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An At-Home Stroke Rehabilitation Tracker for Upper-Limb Function and Interjoint Coordination

Team Members:
  • William Kim
  • Ben Lee
  • Jessica Liu
  • Nicholas Radant
  • Bengu Ulukaya
  • Scott Paul, MD
  • Jessica Dakkak
  • Simon Orozco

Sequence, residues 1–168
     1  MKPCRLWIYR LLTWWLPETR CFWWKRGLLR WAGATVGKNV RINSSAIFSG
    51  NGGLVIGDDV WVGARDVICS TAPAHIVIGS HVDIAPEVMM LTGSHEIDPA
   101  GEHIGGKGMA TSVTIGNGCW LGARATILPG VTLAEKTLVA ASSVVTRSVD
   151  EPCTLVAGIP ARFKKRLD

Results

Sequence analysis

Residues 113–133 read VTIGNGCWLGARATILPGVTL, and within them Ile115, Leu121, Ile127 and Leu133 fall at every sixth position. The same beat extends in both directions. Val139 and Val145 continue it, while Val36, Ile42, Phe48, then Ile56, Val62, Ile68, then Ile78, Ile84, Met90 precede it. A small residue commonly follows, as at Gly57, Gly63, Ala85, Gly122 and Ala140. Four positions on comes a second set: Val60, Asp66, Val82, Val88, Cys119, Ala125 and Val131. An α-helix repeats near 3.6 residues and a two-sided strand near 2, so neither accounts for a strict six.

Stroke is the fourth leading cause of disability worldwide, and it is therefore a global health problem. In developed countries, stroke is the leading cause of disability and the second leading cause of death. The disease occurs when blood supply to part of the brain is blocked or when a blood vessel in the brain bursts. About 85% of stroke survivors experience some degree of paresis of the upper limb, and about 50% of the survivors show impaired upper limb and hand function in the chronic phase. Because such a high proportion of stroke patients experience some degree of upper limb impairment, measurement of upper limb function is paramount for diagnosis of symptoms and evaluating efficacy of rehabilitation interventions. However, assessment of stroke rehabilitation is unfortunately lacking in the clinic. Despite the availability of comprehensive tests of upper limb function like the Fugl-Meyer Test, these tests are not frequently used in weekly clinic visits due to time constraints and burden on the patient. As a result, clinicians often favor faster and simpler tests like the Nine Hole Peg Test, which are limited in their assessments of upper limb function. Thus, there is potential in developing assessments for the home environment to reduce patient burden and time spent in clinic while still producing comprehensive data about patient recovery. The intention of this project is to develop such an assessment platform for at-home assessment of upper limb stroke rehabilitation.

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